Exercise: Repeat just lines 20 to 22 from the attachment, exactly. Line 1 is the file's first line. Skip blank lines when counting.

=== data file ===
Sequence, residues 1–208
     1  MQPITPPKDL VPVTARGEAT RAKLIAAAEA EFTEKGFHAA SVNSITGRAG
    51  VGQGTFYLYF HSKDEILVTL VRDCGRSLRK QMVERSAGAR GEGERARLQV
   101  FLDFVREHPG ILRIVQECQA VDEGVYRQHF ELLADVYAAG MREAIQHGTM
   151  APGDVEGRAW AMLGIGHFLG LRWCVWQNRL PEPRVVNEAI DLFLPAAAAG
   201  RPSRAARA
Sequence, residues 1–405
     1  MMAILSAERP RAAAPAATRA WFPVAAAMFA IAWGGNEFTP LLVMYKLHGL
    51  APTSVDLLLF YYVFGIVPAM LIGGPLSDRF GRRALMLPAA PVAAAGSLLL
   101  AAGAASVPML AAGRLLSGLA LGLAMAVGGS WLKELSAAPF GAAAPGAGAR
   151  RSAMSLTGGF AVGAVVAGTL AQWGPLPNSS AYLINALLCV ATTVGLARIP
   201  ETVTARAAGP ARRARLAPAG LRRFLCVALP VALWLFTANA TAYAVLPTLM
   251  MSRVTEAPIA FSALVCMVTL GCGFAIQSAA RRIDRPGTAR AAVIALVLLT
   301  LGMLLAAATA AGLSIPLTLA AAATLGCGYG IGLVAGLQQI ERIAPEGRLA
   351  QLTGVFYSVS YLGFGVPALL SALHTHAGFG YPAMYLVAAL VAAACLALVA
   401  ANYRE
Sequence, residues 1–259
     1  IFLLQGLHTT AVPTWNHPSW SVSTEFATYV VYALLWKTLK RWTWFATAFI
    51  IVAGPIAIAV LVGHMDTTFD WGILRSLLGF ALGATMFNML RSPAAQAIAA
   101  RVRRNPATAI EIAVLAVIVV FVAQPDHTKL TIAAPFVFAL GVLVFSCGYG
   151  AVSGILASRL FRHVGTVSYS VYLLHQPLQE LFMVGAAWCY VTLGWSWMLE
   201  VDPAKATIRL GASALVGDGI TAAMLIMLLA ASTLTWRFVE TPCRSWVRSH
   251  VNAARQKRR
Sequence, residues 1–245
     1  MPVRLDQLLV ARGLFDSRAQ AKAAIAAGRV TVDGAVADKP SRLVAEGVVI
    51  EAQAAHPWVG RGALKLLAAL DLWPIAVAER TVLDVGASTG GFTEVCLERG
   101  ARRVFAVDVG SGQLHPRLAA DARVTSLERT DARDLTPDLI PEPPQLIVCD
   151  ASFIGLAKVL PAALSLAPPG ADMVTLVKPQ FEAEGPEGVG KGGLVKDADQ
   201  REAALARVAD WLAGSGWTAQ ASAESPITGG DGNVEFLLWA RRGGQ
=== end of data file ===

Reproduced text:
   101  RVRRNPATAI EIAVLAVIVV FVAQPDHTKL TIAAPFVFAL GVLVFSCGYG
   151  AVSGILASRL FRHVGTVSYS VYLLHQPLQE LFMVGAAWCY VTLGWSWMLE
   201  VDPAKATIRL GASALVGDGI TAAMLIMLLA ASTLTWRFVE TPCRSWVRSH